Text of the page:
The Auto Trader expert verdict:
Reasons to buy:
- Aggressive, distinctive style
- Proven KTM performance off and on road
- Decent adventure style versatility
Although on face value an all-new bike, and a very welcome addition to reborn Husqvarna’s so far limited range of 125, 401 and 701 Svartpilen and Vitpilen roadster singles, all based on KTM Duke running gear, there isn’t actually that much new about the Norden. With Husqvarna now owned by KTM, the Norden, too, is based on the orange bikes, this time on the 890 Adventure. That said, the Norden has all its own bodywork, is more adventure/travel biased than the more enduro KTM, looks refreshingly different, is well-proportioned and is comfortable, too. If you want an adventure bike with a different, more youthful attitude, you won’t be disappointed. On the slight downside, the screen isn’t adjustable, there’s just one colour and slightly limited spec and options.
The Norden has a familiar upright and wide barred adventure gait but manages the neat trick of somehow, proportions-wise, fitting between slightly ‘dinky’ mid-range adventures such as the KTM 890 and more awkward, larger ones such as Honda’s Africa Twin, BMW’s mighty GS and KTM’s sizeable 1290 Adventures. As such, for many, in true Goldiclocks fashion, the Norden’s ‘just right’. What’s more, the seat, though usefully narrow (for off-roading) at the front, the seat is also pleasingly wide and comfortable at the rear with well-placed pegs and bars. Longer-legged riders, however, may find their knees splayed slightly wide while the screen is also a little low.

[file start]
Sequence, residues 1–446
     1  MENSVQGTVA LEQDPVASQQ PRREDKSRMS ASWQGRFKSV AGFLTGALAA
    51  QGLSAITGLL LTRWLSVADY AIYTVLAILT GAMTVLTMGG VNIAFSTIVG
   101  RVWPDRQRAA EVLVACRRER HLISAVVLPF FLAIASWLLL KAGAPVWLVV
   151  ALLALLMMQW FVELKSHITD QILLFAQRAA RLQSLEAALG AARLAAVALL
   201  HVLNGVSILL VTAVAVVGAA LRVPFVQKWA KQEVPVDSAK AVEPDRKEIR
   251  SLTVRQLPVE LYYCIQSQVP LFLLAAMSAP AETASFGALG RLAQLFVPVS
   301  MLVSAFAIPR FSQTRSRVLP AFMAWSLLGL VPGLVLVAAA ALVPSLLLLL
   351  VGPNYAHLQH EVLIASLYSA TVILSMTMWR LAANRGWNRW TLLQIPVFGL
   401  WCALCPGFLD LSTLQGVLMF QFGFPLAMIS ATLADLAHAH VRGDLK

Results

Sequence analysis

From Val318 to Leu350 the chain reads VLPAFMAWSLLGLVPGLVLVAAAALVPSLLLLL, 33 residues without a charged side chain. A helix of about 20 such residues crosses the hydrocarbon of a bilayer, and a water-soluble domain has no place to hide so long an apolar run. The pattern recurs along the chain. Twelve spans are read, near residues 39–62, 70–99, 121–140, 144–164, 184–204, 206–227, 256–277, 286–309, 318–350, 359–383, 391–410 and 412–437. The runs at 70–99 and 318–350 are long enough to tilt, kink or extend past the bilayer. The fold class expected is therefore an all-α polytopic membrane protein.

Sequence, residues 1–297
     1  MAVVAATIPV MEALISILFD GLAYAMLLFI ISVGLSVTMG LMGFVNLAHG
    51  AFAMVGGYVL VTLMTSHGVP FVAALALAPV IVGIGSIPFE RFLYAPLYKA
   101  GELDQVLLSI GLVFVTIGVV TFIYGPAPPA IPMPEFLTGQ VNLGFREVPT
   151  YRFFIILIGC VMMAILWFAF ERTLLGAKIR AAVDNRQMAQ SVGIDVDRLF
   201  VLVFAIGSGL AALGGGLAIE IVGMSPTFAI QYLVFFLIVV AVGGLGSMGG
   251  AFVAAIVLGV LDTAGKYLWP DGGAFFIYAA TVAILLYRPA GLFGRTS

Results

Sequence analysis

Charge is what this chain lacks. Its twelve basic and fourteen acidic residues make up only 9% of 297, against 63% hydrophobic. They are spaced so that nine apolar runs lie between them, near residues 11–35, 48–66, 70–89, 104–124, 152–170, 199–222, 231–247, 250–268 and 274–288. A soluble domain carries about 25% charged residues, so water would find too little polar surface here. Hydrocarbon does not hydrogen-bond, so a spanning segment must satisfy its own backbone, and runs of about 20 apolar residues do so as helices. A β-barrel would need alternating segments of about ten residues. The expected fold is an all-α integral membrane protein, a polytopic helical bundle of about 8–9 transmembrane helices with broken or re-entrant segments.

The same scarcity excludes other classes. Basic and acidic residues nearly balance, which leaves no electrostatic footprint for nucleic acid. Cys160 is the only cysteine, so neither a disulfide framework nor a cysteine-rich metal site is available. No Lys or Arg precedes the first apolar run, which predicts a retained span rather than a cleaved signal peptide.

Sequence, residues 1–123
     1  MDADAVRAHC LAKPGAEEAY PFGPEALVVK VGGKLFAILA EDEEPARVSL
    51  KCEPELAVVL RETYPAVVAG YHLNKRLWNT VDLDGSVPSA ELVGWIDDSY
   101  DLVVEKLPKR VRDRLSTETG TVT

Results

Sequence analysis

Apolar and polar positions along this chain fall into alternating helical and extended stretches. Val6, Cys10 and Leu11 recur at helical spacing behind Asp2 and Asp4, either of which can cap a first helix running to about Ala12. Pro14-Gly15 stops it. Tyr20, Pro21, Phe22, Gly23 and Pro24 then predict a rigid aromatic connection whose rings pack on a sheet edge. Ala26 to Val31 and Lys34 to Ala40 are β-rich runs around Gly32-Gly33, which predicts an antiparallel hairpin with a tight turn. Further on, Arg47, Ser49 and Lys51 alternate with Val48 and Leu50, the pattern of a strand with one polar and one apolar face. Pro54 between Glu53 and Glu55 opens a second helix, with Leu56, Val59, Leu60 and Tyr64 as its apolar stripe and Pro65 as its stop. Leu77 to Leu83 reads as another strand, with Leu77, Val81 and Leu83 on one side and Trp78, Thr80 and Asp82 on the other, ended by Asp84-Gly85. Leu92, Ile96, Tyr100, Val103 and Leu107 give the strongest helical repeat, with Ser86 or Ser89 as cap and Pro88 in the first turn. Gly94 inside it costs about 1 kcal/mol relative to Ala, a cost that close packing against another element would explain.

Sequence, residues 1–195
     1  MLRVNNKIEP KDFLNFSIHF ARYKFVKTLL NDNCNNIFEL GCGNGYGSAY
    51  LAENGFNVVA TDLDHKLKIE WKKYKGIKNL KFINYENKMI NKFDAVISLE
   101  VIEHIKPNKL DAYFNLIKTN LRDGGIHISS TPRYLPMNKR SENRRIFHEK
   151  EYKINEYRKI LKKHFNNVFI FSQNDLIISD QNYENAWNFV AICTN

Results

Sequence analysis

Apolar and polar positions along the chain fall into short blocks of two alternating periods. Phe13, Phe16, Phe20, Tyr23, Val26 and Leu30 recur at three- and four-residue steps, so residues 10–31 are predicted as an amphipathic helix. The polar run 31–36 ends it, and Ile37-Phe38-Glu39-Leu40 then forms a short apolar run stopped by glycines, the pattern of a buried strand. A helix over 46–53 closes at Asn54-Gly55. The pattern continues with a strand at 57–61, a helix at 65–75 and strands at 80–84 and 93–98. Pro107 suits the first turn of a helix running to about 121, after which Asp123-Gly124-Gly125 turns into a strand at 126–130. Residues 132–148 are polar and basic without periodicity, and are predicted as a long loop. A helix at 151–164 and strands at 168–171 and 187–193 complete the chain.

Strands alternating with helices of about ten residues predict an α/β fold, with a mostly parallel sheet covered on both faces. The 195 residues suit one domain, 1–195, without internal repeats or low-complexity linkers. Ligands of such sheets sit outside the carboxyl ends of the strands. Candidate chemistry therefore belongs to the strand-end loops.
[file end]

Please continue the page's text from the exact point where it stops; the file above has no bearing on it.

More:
Although usually brilliantly versatile due to their brilliant blend of on and off-road ability, decent sporting prowess and touring comfort, adventure bikes can often also sometimes be awkwardly tall and imposingly large. With the nicely-proportioned Norden, however, that’s less the case. It’s unintimidating to ride, sportingly punchy and fun on the road (although compromised slightly by its knobbly tyres), better than most off road and decent in town, too. Our only reservations are its slight lack of features and refinement, limited accessory options and aforementioned low screen.
Performance & braking
With the unchanged, punchy, 104bhp parallel twin from the acclaimed KTM 890 the Norden has enough thrilling power to stand out in the ‘midi-adventure’ class, besting the likes of Triumph’s more genteel Tiger 900 and Yamaha’s smaller 700 Ténéré, although it obviously can’t match larger, more expensive ‘super adventures’ such as Ducati’s 170bhp Multistrada V4, Triumph’s new 148bhp Tiger 1200 and KTM’s own 160bhp 1290 Super Adventure S. That said, the ‘Husky’ is far less imposing, more nimble and easier, too, and is also an easy cruiser and benefits from four power modes. It’s braking is largely beyond criticism, too, benefitting from the latest, super powerful Brembo radial calipers with switchable ABS assistance.
Ride & handling